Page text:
NFI data directly estimate carbon stock change and can also be used to support the gain-loss method. Firstly, observations of biomass and carbon change on NFI plots between points in time can be used to estimate emission and removal factors, or help develop Tier 3 models of forest growth, debris and soil carbon. Secondly, under appropriate sampling designs, NFI plot-level land use and land-use change data can provide estimates of areas of particular land-use change categories. Thirdly, where models are used to enhance estimation of REDD+ activities, NFIs plus existing data can be used in model establishment and model verification.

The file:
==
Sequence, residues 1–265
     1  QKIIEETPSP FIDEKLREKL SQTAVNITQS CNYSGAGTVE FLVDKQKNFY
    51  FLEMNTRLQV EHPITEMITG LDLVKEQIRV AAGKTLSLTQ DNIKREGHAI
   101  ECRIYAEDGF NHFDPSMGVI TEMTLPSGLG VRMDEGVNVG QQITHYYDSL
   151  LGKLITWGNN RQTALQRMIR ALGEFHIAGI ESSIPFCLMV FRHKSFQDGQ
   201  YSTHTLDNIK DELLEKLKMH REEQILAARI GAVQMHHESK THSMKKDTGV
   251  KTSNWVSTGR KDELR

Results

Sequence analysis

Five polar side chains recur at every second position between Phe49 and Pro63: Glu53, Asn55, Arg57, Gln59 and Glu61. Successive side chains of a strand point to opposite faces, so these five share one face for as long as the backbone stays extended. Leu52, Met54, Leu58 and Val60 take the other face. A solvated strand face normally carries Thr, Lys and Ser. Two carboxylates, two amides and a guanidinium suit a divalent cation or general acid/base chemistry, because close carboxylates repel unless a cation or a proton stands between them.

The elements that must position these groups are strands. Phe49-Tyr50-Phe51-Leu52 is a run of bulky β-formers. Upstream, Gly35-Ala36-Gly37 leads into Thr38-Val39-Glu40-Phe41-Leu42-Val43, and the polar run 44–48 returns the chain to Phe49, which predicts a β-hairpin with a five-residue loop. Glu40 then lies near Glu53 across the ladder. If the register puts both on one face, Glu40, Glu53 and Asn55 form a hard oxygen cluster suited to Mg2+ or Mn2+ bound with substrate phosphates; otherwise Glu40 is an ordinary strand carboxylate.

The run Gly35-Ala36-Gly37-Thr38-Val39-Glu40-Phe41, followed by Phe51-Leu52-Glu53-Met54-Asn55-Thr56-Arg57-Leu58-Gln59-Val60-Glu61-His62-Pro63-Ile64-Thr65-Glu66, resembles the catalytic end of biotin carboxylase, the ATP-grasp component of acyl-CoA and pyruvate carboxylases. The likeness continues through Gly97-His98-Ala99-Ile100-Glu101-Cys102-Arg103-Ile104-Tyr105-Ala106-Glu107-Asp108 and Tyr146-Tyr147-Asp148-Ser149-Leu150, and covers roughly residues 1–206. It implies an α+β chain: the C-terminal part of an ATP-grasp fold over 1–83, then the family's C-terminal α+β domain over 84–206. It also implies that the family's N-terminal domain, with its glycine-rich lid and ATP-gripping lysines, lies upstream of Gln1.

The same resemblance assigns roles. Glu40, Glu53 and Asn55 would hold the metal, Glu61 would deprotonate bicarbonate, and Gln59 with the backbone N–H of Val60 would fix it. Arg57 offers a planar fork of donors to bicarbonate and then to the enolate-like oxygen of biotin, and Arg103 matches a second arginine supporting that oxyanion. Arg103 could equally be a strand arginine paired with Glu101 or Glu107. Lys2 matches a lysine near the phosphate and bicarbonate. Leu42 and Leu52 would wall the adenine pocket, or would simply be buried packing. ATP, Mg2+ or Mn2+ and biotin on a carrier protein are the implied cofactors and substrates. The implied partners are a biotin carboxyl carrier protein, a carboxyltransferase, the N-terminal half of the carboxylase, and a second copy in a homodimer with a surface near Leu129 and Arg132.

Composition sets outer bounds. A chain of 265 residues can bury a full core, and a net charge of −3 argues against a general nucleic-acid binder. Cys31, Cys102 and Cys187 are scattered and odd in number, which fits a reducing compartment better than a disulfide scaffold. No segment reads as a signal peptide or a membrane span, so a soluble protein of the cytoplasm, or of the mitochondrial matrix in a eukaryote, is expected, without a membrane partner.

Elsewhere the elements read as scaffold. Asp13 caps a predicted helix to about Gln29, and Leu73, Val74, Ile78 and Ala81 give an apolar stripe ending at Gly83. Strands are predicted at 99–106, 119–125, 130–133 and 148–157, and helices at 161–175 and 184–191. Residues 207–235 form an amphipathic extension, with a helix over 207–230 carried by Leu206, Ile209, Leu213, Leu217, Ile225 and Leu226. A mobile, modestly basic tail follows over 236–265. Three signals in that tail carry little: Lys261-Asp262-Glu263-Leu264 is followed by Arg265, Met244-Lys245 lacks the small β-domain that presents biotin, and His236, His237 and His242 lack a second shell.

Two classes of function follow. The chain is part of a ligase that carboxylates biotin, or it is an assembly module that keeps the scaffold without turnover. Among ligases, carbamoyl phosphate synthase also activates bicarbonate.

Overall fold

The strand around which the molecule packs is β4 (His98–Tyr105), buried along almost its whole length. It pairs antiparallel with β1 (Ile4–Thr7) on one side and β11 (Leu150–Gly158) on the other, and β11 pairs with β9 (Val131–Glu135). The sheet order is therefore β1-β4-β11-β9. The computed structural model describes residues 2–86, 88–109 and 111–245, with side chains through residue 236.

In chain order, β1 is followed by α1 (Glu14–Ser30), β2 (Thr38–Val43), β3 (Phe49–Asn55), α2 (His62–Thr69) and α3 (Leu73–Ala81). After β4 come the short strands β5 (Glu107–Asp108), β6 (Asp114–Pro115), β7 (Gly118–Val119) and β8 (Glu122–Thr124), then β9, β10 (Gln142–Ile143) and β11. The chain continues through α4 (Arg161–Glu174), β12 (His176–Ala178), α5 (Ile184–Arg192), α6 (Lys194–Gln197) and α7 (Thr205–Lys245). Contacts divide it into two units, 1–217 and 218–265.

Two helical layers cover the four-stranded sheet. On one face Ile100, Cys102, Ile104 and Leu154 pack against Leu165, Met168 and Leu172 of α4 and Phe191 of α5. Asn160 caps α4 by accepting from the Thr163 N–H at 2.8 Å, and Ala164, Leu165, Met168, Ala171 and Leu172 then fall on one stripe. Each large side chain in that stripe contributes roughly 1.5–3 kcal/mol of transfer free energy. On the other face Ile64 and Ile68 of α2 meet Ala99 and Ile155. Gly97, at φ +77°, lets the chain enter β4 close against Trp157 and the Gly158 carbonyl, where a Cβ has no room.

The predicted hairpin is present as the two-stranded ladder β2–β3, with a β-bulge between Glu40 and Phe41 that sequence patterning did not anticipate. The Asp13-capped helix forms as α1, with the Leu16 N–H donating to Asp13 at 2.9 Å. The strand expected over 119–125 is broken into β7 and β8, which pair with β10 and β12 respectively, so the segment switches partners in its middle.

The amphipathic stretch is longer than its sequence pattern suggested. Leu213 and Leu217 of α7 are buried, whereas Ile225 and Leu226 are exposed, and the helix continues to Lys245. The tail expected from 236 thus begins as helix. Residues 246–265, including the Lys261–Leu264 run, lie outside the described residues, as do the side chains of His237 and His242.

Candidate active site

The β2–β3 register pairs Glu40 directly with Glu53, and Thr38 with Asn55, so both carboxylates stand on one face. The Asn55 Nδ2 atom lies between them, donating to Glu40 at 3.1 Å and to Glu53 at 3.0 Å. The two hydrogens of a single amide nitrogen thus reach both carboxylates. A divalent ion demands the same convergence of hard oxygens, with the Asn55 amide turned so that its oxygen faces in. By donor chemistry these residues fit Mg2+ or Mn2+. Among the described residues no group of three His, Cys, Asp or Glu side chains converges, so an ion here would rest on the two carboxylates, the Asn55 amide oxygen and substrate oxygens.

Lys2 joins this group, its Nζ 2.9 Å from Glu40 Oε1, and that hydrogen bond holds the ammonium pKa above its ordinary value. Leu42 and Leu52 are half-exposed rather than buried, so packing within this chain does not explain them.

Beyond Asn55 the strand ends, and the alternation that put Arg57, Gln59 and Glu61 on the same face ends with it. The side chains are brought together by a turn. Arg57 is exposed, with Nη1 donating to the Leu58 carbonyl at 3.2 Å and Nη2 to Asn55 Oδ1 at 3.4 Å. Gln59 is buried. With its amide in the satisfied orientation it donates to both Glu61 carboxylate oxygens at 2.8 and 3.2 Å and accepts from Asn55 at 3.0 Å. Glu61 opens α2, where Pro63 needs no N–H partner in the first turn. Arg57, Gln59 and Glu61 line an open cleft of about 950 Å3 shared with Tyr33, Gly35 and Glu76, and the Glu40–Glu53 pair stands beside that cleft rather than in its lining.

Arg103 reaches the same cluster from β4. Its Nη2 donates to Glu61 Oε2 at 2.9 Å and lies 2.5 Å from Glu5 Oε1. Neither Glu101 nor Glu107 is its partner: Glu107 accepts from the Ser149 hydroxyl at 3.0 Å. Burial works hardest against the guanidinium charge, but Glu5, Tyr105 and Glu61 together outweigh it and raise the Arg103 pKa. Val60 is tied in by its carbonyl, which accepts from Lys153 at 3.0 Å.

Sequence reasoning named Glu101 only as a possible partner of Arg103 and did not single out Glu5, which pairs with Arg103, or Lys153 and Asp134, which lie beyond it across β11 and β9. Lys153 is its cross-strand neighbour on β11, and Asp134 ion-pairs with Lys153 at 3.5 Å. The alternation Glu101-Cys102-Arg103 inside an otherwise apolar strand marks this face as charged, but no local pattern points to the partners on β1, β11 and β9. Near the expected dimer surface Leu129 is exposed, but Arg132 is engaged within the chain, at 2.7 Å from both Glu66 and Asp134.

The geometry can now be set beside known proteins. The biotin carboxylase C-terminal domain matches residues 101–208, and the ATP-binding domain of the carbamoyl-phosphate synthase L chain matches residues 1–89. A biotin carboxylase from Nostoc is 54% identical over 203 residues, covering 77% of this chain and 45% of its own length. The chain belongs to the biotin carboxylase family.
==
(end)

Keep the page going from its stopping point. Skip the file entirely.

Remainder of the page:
Typically NFIs consist of an array of plots (or clusters of sub-plots) established in a systematic fashion across entire countries. Plot size is generally in the range 0.01 to 1 ha. For tropical inventories plots may need to be as large as 1 ha to reduce potentially large variance due to large variability rather than increasing the number of plots and associated costs. Larger plot sizes also help make the link to remotely sensed data. Observations and measurements on these plots vary but always include amount of forest cover and sufficient tree-level data such as species, diameter, and height which can be used with allometric models to predict volumes and biomass of individual trees (Lawrence et al., 2010). The tree-level predictions are aggregated to estimate plot-level tree volume or biomass and carbon stock. In addition, NFIs often acquire data on tree and shrub species diversity and general topography. Less commonly, observations or measurements will also include aspects of litter and other dead material, site history(2), soil, and canopy characteristics. These NFI data are typically used to estimate forest population parameters – including production or development related - at a precision considered relevant to national level planning, taking cost and NFI practice into account.